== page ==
Relacionamento conjugal durante a gravidez mulheres e homens ansiosos e deprimidos

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    To assess anxiety, depression and relationship satisfaction in both women and men during pregnancy, the State Anxiety Inventory (STAI), The Center for Epidemiological Studies-Depression Scale (CES-D) and The Relationship Questionnaire (RQ) were administered during the second trimester to a sample of 59 pregnant women and their partners. Anxious pregnant women rated their relationships as less positive. Depressed pregnant women also rated their relationships as less positive. The women’s anxiety scores were predictive of their positive and negative relationship scores. The women and their partners’ negative relationship scores were also predictive of each others’ negative relationship scores. These results highlight the importance of targeting anxiety as well as depression, and pregnant women as well as their partners in prenatal intervention programs.Para avaliar a ansiedade, a depressão e o relacionamento conjugal em mulheres e homens durante a gravidez, o State Anxiety Inventory (STAI), o Center for Epidemiological Studies ­Depression Scale (CES­D) e o Relationship Questionnaire (RQ) foram administrados durante o segundo trimestre a uma amostra de 59 grávidas e seus companheiros. As mulheres grávidas ansiosas avaliaram o seu relacionamento como menos positivo. As mulheres grávidas deprimidas também avaliaram o seu relacionamento como mesmo positivo. Os valores de ansiedade mostraram ser preditores do relacionamento positivo e negativo. Os valores do relacionamento da mulher e do seu companheiro também se mostraram mutuamente preditores dos seus relacionamentos negativos. Estes resultados mostram a importância de considerar a ansiedade tanto quanto a depressão e a mulher grávida tanto quanto o seu companheiro em programas de intervenção pré-natal.This research was supported by grants from the March of Dimes (12FY03-48) and NIMH (MH# 46586) and NIMH Research ScientistAwards (MH# 00331 andAT# 001585) to Tiffany Field, funding from Johnson & Johnson to the Touch Research Institutes, and a fellowship to Barbara Figueiredo (POCI/SAU-ESP/56397/2004, funded under the 2010 Science and Innovation Operational Program (POCI 2010) of the Community Support Board III, and supported by the European Community Fund FEDER)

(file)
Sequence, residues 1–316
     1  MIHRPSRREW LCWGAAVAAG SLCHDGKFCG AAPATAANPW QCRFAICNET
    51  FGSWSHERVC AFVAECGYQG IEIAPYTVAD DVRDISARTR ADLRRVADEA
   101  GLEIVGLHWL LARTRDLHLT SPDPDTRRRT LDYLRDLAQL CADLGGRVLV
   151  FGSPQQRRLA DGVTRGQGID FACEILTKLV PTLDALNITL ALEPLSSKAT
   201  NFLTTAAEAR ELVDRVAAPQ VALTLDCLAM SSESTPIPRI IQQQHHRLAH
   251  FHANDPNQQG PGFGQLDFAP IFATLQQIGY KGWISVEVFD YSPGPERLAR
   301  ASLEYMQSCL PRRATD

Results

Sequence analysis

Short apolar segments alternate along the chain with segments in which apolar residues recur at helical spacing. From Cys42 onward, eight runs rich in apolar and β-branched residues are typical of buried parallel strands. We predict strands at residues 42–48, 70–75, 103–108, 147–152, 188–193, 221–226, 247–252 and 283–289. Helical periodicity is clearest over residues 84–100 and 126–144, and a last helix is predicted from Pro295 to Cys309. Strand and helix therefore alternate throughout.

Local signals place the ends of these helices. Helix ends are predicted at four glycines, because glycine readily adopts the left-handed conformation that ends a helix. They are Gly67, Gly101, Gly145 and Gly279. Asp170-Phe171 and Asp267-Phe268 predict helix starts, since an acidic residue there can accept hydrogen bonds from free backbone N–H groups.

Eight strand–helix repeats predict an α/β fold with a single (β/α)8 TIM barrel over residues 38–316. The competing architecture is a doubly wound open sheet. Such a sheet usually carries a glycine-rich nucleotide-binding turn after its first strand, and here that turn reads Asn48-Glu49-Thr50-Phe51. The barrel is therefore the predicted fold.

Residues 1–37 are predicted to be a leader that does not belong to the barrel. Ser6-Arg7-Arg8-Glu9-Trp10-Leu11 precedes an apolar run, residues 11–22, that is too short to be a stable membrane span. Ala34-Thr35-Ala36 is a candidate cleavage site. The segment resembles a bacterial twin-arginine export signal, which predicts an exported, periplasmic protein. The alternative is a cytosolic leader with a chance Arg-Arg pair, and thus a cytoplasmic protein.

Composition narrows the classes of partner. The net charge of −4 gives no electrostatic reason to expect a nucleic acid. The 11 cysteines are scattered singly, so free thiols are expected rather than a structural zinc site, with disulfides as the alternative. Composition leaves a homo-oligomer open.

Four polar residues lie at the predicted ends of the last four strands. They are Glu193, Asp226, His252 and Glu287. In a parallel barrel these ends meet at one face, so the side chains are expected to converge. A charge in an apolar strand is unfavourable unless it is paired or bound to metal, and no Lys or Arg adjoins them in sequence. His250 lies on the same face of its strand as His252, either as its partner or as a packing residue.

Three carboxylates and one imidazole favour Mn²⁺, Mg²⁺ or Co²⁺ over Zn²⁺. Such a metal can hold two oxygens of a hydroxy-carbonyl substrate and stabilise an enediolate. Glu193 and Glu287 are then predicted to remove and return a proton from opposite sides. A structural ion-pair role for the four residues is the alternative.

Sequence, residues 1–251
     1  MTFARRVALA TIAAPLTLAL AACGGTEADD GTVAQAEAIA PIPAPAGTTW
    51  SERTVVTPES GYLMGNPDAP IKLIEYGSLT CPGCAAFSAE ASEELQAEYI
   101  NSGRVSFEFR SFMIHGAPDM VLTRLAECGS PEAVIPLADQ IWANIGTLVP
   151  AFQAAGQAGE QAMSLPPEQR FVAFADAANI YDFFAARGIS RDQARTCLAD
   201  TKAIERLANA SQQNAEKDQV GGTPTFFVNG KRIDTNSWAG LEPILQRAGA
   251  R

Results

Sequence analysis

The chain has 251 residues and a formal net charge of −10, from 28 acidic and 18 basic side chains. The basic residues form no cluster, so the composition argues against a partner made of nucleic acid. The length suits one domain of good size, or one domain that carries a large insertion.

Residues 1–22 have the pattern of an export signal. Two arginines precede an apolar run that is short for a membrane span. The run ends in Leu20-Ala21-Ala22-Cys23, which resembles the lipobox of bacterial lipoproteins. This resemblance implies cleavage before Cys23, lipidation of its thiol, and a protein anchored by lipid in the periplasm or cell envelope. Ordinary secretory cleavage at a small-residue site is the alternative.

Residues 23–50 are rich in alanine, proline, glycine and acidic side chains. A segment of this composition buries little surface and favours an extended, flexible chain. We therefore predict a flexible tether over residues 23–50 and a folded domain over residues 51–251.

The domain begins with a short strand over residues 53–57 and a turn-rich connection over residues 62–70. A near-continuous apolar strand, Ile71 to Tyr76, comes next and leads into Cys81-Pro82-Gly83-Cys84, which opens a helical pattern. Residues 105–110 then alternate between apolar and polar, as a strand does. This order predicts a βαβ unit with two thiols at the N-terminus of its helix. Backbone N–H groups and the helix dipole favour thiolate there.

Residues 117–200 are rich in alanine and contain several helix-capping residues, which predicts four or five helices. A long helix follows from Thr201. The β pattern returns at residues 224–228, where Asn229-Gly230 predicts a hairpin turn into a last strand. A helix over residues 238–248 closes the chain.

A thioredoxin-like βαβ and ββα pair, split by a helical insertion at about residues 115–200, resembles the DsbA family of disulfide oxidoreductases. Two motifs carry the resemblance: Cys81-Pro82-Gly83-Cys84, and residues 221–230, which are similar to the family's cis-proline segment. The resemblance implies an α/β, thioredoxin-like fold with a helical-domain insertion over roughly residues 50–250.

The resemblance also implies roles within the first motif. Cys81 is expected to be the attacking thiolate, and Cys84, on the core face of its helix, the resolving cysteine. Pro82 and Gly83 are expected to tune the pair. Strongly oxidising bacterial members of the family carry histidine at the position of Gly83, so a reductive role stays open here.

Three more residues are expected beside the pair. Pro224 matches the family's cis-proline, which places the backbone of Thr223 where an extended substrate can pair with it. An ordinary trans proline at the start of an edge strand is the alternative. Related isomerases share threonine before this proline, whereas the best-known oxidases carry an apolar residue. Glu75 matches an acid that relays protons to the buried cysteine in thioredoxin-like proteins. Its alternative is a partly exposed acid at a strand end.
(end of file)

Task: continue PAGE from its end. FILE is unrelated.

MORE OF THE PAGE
Sleep disturbances in depressed pregnant women and their newborns

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    Pregnant women (N= 253) were recruited during their second trimester of pregnancy (M= 22.3 weeks gestation) and assigned to depressed (N= 83) and non-depressed groups based on a SCID diagnosis of depression. They were then given self-report measures on sleep disturbance, depression, anxiety and anger, and their urine was assayed for norepinephrine and cortisol. These measures were repeated during their third trimester (M= 32.4 weeks). Their newborns were then observed during sleep. During both the second and third trimesters, the depressed women had more sleep disturbances and higher depression, anxiety and anger scores. They also had higher norepinephrine and cortisol levels. The newborns of the depressed mothers also had more sleep disturbances including less time in deep sleep and more time in indeterminate (disorganized) sleep, and they were more active and cried/fussed more.We would like to thank the parents and infants who participated in this study. This Research was supported by a merit award (MH# 46586) and Senior Research Scientist Awards (MH# 00331 and AT# 001585) and a March of Dimes Grant (#12-FYO3-48) to Tiffany Field and funding from Johnson & Johnson Pediatric Institute to the Touch Research Institutes